This cabinet card portrait features two pretty teenagers in an awkward pose. Don’t blame them, blame the photographer. The girls are likely sisters, and they are well dressed, well coiffed, and wearing flowers and necklaces. What exactly was the photographer’s goal in assigning this pose. If the was trying to portray the warmth and love between two sisters; he failed. The girls were likely frozen with “photo studio anxiety” as they posed for this image. The photographer of this photograph is Louis A. Kraft (1855-1938). He operated a photography studio in Chicago, Illinois. There were times in his career that he was a solo practitioner and at other times he partnered with other photographers (Kraft & Harris, Abbot & Kraft). This cabinet card is in good condition (see scans).   (SOLD)

Buy this original Real Photo Postcard (includes shipping within the US) #2535

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Published in: on September 19, 2018 at 12:00 pm  Comments (6)  
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6 CommentsLeave a comment

  1. Right on! Your analysis sure nailed it. It would be interesting to see more of his views to see if the problem was endemic or just a version of a photographer’s ‘bad hair day’.

  2. I find your subjective opinion unnecessary. However, my subjective view of this portrait is that it is quiet and tender. I don’t disagree that they appear to be sisters – even twins. It is likely that this is a portrait of family members in mourning. The signature features are not only their modest hair-dressing, but also the traditional black clothing, and contemporary style of mourning flowers situated high on the bodice of the dress by the neckline or placed right on the collar of the mourning gown. – Also, please note that the young woman on the right is wearing a rosary: a religious feature common to 19th Century mourning dress.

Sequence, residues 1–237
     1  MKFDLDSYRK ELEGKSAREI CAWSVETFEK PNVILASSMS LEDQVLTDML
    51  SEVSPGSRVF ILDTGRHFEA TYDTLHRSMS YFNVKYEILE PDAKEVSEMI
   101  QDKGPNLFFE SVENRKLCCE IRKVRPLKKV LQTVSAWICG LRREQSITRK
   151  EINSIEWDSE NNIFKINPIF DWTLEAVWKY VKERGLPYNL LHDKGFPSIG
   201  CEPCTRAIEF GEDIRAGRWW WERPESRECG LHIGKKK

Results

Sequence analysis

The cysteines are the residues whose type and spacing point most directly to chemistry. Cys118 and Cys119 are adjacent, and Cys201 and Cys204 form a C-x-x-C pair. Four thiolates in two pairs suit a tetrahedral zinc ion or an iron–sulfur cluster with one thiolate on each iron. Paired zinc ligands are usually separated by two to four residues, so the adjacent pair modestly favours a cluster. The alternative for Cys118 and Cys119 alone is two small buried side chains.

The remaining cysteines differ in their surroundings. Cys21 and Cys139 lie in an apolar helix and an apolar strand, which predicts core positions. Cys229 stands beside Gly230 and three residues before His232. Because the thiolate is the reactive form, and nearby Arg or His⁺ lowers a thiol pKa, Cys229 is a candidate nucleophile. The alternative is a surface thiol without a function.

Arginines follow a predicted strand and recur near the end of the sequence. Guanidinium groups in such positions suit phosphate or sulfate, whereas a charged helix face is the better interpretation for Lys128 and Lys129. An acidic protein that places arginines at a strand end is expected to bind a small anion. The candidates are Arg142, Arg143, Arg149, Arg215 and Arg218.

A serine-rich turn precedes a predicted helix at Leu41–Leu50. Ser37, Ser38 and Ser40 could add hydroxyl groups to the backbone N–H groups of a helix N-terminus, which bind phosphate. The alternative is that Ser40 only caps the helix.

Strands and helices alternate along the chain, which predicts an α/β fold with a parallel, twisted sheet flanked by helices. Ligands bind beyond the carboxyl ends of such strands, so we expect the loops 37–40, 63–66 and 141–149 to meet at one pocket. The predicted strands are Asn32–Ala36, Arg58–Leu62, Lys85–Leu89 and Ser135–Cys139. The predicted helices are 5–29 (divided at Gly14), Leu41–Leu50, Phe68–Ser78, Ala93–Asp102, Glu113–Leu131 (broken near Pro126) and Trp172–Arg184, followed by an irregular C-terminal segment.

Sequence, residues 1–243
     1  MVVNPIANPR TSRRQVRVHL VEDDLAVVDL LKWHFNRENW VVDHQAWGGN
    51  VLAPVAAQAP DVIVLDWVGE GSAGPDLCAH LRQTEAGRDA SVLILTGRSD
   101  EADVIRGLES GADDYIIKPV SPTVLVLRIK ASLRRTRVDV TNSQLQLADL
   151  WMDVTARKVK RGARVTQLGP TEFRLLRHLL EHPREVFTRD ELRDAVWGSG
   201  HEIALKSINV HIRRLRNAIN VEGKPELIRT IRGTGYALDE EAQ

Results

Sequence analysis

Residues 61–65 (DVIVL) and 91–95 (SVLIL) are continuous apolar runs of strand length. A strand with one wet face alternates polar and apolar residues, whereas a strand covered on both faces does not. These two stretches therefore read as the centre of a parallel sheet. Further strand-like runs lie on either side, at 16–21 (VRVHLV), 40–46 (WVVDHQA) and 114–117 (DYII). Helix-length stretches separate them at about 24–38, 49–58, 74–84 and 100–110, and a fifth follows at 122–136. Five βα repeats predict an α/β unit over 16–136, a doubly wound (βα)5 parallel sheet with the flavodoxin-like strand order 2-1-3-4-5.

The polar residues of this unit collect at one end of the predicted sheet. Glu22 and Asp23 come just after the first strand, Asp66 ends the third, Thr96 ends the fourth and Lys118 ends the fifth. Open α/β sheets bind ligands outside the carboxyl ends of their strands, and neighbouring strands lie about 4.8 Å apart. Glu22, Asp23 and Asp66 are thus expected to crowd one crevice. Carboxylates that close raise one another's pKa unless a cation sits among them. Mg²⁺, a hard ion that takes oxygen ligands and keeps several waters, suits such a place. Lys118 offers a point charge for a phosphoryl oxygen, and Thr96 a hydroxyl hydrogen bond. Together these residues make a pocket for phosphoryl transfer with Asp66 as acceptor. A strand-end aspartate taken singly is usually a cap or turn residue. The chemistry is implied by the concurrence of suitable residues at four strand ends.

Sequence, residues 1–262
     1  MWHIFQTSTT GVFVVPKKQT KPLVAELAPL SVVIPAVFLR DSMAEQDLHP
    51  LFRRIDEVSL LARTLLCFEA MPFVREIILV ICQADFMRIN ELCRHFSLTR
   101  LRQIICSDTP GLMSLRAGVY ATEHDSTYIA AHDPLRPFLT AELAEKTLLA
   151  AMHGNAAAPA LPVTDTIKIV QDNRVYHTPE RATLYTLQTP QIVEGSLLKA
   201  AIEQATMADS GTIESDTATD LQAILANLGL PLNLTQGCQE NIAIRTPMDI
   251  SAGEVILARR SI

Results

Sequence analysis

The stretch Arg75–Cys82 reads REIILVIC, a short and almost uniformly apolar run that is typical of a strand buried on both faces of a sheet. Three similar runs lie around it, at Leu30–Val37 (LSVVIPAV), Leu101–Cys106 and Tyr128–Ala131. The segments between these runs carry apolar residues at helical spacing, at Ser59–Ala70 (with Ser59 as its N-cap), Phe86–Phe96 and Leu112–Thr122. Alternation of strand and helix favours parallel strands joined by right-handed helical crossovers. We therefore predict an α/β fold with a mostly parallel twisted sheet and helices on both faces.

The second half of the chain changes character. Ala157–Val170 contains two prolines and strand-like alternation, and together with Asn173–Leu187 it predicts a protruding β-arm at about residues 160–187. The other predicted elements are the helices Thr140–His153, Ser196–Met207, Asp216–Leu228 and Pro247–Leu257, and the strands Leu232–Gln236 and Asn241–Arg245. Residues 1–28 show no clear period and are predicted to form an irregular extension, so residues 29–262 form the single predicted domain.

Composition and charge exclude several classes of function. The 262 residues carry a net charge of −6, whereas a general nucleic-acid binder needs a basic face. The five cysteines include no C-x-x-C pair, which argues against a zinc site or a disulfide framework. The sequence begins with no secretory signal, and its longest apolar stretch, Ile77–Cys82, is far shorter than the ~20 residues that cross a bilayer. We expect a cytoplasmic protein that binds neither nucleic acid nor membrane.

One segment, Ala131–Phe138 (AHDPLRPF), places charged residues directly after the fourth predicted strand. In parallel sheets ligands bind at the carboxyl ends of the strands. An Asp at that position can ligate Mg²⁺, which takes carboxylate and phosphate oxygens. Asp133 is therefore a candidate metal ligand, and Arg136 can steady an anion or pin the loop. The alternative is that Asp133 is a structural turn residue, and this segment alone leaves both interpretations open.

This is a graceful portrait of solemn, sweet sibling comfort and affection. There is nothing awkward about it. I suggest you consult classic poses such as this one to be found throughout centuries of typically European sculpture, stemming back to ancient Greece and Rome.

    So much for the “bad hair day”. This photographer was gently artful.

    Thank you as usual, Cabinet Card. It’s always interesting to read how you interpret your photographic samplings. This lovely remembrance is a terrific offering from CC. – Thanks again!

    • Thank you so much for your informative comment. When I first saw this photograph, I thought it might be a “mourning cabinet card”. I must have lost the thought and never mentioned it in my description. I appreciate your pointing out all the reasons that support the view that the photo depicts these girls grief. I am also appreciative of your sharing your subjective reaction to the photograph. I saw it as “awkward”, and you saw it as a “classic pose”. I am certain you are correct about it being a classic pose. Nevertheless, it struck me as “awkward”. Our different views are an example of why I have a passion for vintage photographs. The images tell a story without utilizing words. We respond to the photos in the same way people respond to the Rorschach ink blots. We see and interpret the images in our own individualized manner. Our interpretations depend on our personality, past experiences, knowledge, mood, and other variables. There is no right or wrong in our interpretations. Subjective responses to vintage photos fascinate me. Thanks again for leaving another interesting, informative, and thought provoking comment.